Although Tuesday’s “nude-in” at City Hall involved slightly more journalists than nudists, a small band of completely disrobed people turned out to protest a proposed citywide ban on public nakedness.
They held signs depicting classical paintings of naked subjects, along with disparaging remarks about Supervisor Scott Wiener, who recently proposed the ban after he said he had received too many complaints from residents in his Castro district.
On one sign, a picture of Wiener’s face was crossed out next to the phrase, “The only wiener that doesn’t belong in San Francisco.” The supervisor said he became frustrated by reports that some of the male nudists who regularly sun in his district’s public plazas were wearing jewelry designed to draw attention to their genitals and maintain erections.
No state law bans public nudity — only “lewd behavior,” such as walking around with an erection — so cities and counties are charged with determining what else is appropriate. Berkeley and San Jose have public nudity bans on the books, but while San Francisco began regulating nudism last year by requiring naked people to put a towel between themselves and public seating, walking around in the buff is still legal.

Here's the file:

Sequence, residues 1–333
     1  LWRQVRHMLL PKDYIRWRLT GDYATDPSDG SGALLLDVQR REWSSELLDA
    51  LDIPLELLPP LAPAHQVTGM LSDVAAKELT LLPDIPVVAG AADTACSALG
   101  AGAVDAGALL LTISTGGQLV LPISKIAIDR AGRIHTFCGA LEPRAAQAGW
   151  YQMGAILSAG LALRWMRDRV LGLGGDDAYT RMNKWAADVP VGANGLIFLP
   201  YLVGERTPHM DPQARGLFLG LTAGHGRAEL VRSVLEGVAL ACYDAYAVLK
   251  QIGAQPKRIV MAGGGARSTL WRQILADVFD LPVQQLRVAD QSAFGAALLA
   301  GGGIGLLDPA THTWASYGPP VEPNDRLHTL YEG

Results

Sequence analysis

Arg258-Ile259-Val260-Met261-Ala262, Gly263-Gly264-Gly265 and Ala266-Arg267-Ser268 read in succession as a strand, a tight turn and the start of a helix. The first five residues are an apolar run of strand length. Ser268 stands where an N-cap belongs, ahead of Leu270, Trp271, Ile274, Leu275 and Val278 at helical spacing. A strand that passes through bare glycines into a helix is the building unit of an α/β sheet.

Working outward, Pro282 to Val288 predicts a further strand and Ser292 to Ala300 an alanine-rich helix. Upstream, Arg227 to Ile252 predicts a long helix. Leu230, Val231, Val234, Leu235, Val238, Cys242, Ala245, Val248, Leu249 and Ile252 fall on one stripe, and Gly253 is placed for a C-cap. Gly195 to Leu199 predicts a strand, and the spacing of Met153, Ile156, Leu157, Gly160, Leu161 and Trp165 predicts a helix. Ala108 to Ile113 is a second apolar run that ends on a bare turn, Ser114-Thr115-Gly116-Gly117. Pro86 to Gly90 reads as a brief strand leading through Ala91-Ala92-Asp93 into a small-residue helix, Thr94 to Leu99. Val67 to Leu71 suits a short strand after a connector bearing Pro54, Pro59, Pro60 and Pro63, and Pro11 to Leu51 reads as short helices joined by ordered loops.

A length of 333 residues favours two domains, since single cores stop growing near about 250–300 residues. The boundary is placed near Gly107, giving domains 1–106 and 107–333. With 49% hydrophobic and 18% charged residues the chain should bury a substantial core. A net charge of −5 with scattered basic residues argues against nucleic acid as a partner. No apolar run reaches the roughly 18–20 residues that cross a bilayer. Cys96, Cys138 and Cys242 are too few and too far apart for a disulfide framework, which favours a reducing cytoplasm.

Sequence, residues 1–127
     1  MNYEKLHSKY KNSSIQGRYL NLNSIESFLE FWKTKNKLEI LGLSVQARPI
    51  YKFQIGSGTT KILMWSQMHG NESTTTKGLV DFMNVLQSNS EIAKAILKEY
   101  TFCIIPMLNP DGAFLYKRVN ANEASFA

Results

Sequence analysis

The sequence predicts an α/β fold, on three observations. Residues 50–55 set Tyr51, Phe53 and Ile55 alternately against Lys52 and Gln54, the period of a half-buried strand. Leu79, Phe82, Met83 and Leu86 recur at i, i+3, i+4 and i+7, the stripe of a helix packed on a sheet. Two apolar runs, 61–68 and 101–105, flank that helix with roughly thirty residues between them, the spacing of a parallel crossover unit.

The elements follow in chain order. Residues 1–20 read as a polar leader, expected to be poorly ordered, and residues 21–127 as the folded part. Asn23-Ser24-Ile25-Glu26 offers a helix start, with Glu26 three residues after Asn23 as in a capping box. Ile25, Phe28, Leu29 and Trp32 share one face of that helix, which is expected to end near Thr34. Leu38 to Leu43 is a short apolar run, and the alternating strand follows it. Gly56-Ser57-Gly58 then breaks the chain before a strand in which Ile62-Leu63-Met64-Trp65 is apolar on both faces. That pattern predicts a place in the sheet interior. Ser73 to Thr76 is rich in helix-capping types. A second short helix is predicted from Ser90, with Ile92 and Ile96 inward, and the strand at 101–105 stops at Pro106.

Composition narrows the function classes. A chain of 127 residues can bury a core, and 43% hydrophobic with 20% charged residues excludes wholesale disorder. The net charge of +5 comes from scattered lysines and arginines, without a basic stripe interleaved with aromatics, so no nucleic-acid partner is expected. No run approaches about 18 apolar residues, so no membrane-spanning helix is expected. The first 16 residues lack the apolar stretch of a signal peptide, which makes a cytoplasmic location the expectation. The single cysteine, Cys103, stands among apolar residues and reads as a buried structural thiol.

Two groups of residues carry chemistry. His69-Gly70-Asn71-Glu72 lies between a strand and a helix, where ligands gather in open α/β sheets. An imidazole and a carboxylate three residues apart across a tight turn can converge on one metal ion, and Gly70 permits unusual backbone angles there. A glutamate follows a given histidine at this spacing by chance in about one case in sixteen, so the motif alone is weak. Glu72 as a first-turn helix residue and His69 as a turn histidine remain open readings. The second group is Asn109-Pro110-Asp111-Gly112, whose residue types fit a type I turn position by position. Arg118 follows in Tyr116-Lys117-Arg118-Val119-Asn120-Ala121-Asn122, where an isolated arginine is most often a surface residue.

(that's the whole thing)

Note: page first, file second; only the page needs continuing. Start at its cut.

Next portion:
As of about 1 p.m. Tuesday, about 16 mostly male nudists drew colorful comments from passers-by as they stated their case that the nudity ban represents an erosion of civil rights. George Davis, a 66-year-old writer and former mayoral candidate, went so far as to call the proposal “fascist.” Davis added that being publicly naked is the one right that all people have, regardless of age, gender or ethnicity.
“Everybody can be nude,” he said.
If approved by a majority of supervisors and signed by Mayor Ed Lee, the law will impose fines of $100 for a first offense and $200 for a second offense. A third offense within a year would allow for either a misdemeanor or an additional infraction ticket of $500. The ban would not apply to popular events such as Zazzle Bay to Breakers and the Folsom Street Fair.
The proposed legislation is set for its first Board of Supervisors hearing next month.